Michael Geller's holiday snapshots from Shanghai Expo 2010 – see slideshow
He's back in one piece, and planning to return to Shanghai. That is, after he skips off to Spain in a few weeks. I really envy Michael Geller's travel schedule, but I realize that he's probably banked a little time off during the years of his career. I had my first encounter with Michael only a few years ago, and when he had just returned from – you guessed it – more world travel.
Back in 2007 Michael held a PowerPoint presentation for the Planner's Institute of BC on what he learned about cities from circumnavigating the globe. I surprised myself that I was able to assemble most of his points from memory and into a blog post the next day. So much of what he talked about resonated that I couldn't get it out of my head. I especially liked the ideas around public transport, building parks to celebrate local history and improving stairwells to encourage walking.
Now Michael has documented for all of us his fascinating experiences in Shanghai Expo 2010:
The theme of the Shanghai World Expo now taking place until October 31, 2010 is Better City, Better Life. By choosing the ‘city’ concept as its theme, the organizers are hoping to address the global trend of urbanization.The fair is doing this with displays by 242 countries and organizations. There are also five major theme pavilions: Urbanian, City Being, Urban Planet, Footprint and Future.
With his permission I've taken his photos and put them into a Flickr slideshow. You can especially see from his photos, and these ones posted elsewhere, the striking architectual design of the 2010 Expo pavilions. It makes you think of the "Century of Progress" 1933 World's Fair in Chicago, which was an expression of a nation full of confidence and on the rise. Arguably, this is what is happening with China today – and they are the country of the 21st Century.
He describes the vividness of light displays, with a droll reminder of how provincial we can be here:
Often, they are a riot of colour, composed from crystal resin and vibrant LED screens. An "intelligent film" on the Private Enterprises Pavilion produces different visual effects as viewing and sunlight angles change. Advanced digital projection technologies allow facades to be constantly changing, especially at night when the Expo grounds turn into a digital fireworks extravaganza.
Watching some of these buildings, I could not help but think about the public furore in Vancouver over the installation of a small electronic billboard at the south end of the Burrard Bridge.
He writes about how Vancouver wants to be the "greenest city" but notes that the competition out there is pretty fierce.
Every pavilion displays ideas to create more sustainable buildings and cities. The Germany Pavilion illustrates how older mid-20th-century public housing blocks can be transformed into "urban villas" through energy refurbishment measures and the addition of balconies… Other German innovations include a system of car-sharing in Bremen that allows users to drop off cars wherever they want; intergenerational and intercultural community allotment gardens in Stuttgart that bring together different ethnicities and age groups…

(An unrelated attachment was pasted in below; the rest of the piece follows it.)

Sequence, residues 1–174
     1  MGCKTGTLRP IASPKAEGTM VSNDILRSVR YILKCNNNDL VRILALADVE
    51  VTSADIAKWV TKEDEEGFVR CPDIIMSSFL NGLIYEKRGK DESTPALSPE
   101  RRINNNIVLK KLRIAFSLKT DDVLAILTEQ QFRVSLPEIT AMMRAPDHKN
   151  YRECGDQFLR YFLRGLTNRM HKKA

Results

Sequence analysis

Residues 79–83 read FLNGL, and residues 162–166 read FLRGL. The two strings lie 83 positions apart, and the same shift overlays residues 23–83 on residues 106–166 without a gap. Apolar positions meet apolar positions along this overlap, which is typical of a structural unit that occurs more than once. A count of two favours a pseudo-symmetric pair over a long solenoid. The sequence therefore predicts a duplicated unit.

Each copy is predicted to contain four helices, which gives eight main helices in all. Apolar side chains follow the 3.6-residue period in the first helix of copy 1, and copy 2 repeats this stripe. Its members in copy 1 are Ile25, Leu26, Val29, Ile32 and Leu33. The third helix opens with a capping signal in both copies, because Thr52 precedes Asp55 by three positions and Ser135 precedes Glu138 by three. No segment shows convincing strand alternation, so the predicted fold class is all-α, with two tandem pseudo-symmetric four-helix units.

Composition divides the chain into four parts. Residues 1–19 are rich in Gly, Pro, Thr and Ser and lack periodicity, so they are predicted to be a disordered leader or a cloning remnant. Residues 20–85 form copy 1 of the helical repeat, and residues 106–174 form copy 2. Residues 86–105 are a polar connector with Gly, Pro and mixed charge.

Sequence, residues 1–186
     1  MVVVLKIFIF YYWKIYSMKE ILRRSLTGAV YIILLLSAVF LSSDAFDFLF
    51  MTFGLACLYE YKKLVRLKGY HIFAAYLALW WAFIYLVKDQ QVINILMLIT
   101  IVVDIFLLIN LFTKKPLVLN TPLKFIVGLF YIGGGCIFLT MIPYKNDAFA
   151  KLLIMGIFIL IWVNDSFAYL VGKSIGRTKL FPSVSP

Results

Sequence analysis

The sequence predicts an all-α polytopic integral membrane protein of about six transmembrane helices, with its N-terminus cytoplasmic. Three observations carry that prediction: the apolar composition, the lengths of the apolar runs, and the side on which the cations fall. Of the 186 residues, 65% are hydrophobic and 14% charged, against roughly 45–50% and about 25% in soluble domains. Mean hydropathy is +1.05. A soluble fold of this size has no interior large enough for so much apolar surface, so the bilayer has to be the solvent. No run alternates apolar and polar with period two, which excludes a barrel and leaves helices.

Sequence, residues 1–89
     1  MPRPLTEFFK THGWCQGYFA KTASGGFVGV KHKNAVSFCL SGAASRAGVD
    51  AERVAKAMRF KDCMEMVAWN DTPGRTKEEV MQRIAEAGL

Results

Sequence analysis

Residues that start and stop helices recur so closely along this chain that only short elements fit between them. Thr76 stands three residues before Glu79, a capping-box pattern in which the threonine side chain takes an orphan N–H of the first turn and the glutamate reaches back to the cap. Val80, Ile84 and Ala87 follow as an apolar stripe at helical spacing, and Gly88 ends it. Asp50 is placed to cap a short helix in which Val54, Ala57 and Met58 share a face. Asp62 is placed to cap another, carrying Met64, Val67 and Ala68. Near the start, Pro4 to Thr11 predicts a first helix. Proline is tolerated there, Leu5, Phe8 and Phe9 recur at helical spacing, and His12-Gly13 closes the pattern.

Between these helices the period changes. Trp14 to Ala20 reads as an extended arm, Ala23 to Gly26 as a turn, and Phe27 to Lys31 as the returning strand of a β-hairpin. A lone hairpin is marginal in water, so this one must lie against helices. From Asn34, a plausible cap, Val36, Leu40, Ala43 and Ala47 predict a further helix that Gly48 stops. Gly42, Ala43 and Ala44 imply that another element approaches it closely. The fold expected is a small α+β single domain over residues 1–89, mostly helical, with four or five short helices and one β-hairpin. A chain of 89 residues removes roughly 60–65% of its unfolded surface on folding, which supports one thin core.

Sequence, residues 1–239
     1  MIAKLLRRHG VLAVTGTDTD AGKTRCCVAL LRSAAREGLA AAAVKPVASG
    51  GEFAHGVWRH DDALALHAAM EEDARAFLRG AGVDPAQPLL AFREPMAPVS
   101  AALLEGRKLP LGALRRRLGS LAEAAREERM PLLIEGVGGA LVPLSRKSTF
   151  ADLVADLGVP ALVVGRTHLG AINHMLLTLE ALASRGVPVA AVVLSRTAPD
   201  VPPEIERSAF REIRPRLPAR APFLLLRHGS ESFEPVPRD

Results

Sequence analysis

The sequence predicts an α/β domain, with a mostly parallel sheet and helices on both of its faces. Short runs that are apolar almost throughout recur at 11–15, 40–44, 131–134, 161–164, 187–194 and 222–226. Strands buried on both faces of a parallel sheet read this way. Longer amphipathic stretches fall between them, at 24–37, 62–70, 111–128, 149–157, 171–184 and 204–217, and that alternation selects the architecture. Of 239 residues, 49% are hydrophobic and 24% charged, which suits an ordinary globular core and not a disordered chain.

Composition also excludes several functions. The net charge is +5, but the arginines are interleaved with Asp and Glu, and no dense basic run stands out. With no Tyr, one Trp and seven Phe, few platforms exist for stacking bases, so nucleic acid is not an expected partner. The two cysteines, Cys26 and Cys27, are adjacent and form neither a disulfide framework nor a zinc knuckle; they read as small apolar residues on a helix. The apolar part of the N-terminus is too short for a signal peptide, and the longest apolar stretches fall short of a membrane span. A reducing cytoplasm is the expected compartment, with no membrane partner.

The pavilions make it apparent that many cities are creatively greening themselves.
Vancouver's pavilion presence had a weird avatar with a digital Gregor Robertson head attached to it. Somehow it feels vaguely symbolic Vancouver City Hall itself, where Mike Magee and Penny Ballem call the shots (they're the body) with a telegenic stand-in placed on top.
Geller describes such amazing feats of building design, nothing like we saw at Expo '86 which were for the most part boxy and crude. Shanghai's Expo has buildings that aspire to be as beautiful as the Bird's Nest or Aquatic Centre of the 2006 Summer Olympics:
While I had high expectations, I have not been disappointed. Many of the international designs are outstanding, including the Czech Pavilion that features a map of the old town of Prague fashioned from…63,415 black rubber ice-hockey pucks. The Canada Pavilion, conceive by Cirque Soleil, is shaped like a large letter ‘C’ and covered in large part in…what else… wood. The Japanese Pavilion has a pink luminescent membrane with solar cells, allowing it to become an eco friendly Breathing Organism. The popular UK Pavilion looks like a porcupine or dandelion about to go to seed, with 60,000 crystalline spines that are tipped with tiny lights. Other fascinating pavilions include the Spanish pavilion which is finished in wicker panels, and the multicolored Korean Pavilion decorated with Hangeul and art pixels.
There are also some exciting applications of the idea of "adaptive re-use", which is a concept that is foreign to most of us. When I was a part of the Vancouver City Planning Commission we made adaptability of both public space and built form the central theme of our work. Geller talks about how an innovative French idea to "wrap" older buildings in a light-weight concrete weave:
Lafarge Cement, which developed an innovative lightweight material for the exterior of the pavilion, is proposing full-length decorative concrete "coats" for older highrise buildings. These would support vegetation and other energy-saving devices to improve comfort and energy efficiency. The visual result is not unlike the futuristic visions of cities illustrated in 1950s comic books and magazines.
For those who haven't had a chance to read Michael's Shanghai Expo columns – all of which were published by the Vancouver Sun in recent weeks – be sure to check them out on Geller's blog.
- post by Mike